Since the release of Watch OS 1.0.1, users have reported that the frequency of heart rate measurements was less consistent than before the update, but in a support document updated today, Apple notes that it is an intended feature, rather than a bug.
The support document, first spotted by 9to5mac, notes that “Apple Watch attempts to measure your heart rate every 10 minutes, but won’t record it when you’re in motion or your arm is moving,” essentially saying that the lack or heart rate recordings for extended periods of time is an intentional feature of the device.
Prior to the software update, Apple Watch would check heart rate every 10 minutes or so, depicting a consistent picture of a user’s vital throughout the day.
We’re not sure what the reason behind this change is. Some attribute it to the fact that Apple wants to be even more conservative on power management, but heart rate measurements at 10 minutes intervals had a negligible impact on battery life to begin with.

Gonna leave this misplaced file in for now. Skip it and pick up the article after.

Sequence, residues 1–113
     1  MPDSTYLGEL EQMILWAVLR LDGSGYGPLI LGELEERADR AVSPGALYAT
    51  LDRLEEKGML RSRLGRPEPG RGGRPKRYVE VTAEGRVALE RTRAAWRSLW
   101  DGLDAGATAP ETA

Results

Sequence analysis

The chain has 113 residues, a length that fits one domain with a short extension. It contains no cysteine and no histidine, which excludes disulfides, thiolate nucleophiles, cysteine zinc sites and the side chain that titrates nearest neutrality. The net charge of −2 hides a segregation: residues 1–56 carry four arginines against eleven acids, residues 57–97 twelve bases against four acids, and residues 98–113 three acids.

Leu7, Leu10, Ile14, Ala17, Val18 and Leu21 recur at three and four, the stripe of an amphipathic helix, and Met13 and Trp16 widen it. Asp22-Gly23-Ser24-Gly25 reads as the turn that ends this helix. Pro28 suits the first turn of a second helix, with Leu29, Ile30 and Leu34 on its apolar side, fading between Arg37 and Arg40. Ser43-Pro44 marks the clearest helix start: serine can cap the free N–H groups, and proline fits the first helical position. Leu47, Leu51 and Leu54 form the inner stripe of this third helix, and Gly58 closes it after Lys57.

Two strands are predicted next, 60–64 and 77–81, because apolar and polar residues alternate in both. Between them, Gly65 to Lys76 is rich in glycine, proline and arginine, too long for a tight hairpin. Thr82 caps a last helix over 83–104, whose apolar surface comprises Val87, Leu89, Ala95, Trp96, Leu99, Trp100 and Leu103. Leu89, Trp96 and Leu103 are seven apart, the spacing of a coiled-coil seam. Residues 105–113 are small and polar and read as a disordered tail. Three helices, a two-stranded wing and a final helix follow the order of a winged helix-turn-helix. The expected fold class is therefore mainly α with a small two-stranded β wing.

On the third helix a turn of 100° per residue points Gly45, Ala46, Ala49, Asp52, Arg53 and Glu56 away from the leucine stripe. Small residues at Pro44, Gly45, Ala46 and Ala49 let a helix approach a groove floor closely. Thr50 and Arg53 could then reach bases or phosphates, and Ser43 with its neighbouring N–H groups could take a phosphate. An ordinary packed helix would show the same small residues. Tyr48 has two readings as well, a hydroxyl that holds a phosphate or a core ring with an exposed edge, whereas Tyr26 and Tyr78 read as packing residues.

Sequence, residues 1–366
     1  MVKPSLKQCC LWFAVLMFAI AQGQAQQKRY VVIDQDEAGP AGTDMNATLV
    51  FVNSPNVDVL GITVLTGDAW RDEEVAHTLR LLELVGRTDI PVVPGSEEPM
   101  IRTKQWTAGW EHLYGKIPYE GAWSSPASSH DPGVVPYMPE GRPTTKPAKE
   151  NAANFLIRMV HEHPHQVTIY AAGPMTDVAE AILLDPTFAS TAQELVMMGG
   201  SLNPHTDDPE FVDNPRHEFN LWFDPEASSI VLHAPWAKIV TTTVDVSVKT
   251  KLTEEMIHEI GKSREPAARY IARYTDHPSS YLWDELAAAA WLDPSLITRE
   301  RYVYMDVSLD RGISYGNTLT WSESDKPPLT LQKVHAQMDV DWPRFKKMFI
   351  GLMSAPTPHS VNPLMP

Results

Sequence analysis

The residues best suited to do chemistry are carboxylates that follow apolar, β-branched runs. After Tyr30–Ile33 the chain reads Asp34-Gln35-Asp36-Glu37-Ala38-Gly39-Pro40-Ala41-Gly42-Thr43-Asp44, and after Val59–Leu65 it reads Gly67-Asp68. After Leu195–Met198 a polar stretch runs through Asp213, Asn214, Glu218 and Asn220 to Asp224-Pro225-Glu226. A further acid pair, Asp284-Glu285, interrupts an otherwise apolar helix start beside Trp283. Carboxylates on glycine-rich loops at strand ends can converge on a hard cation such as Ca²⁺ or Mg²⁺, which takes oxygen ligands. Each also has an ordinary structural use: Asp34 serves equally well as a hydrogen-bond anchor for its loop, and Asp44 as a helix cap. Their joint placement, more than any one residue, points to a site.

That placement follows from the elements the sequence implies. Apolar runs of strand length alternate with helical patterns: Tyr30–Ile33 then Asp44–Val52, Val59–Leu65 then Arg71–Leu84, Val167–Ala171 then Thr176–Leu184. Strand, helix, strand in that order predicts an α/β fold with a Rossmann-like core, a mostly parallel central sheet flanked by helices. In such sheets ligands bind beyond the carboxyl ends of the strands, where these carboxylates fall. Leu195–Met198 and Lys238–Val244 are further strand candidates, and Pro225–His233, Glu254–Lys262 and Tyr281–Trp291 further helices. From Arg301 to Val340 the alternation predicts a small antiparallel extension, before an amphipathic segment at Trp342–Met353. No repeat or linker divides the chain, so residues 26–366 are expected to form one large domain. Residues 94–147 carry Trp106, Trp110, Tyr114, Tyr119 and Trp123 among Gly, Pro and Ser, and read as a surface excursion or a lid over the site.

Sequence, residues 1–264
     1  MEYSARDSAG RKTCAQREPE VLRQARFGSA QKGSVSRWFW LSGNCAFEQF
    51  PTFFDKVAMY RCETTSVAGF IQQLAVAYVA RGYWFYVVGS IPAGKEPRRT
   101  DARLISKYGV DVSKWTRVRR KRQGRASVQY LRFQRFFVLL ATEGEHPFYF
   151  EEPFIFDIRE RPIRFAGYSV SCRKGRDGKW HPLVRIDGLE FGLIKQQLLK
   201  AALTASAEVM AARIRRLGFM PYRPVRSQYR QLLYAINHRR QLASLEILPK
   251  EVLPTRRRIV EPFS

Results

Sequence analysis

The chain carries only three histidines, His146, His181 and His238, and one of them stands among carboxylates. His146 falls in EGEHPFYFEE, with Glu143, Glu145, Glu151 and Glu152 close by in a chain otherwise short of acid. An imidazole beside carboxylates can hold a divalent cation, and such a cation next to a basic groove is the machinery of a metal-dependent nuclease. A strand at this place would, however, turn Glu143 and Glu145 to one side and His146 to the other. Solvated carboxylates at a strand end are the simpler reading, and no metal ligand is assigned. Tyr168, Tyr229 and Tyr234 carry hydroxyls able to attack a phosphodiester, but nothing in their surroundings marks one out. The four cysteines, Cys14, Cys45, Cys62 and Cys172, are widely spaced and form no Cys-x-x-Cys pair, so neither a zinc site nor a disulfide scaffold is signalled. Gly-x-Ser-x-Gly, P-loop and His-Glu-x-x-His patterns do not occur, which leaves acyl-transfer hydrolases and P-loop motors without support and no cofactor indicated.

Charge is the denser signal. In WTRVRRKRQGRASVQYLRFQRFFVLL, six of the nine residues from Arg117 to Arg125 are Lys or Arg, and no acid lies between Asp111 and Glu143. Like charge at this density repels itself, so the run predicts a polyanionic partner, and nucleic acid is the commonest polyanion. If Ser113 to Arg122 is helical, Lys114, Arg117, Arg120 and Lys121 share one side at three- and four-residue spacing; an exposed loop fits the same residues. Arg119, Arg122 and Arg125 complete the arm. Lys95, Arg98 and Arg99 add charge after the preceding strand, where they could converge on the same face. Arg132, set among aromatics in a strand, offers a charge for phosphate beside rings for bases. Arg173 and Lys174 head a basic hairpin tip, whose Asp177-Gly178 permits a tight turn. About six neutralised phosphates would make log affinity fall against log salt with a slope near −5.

Besides, the fact that Apple Watch won’t check your heart rate when you’re in motion or when your arm is moving seems to be counter intuitive. Isn’t the goal to measure your heart rate when you’re actually moving? If Apple Watch is going to frequently check my heart rate when I’m sitting on the couch watching TV, I’m not certain it will be providing meaningful data about my health. (update: iDB reader Adam shares interesting info about that in the comments below)
Of course, when using the Workout app to track physical activity, Apple Watch will still check your heart rate every five seconds or so, effectively providing a consistent measurement. You just won’t get anywhere near the same consistency throughout your day when you’re not actively tracking your activity.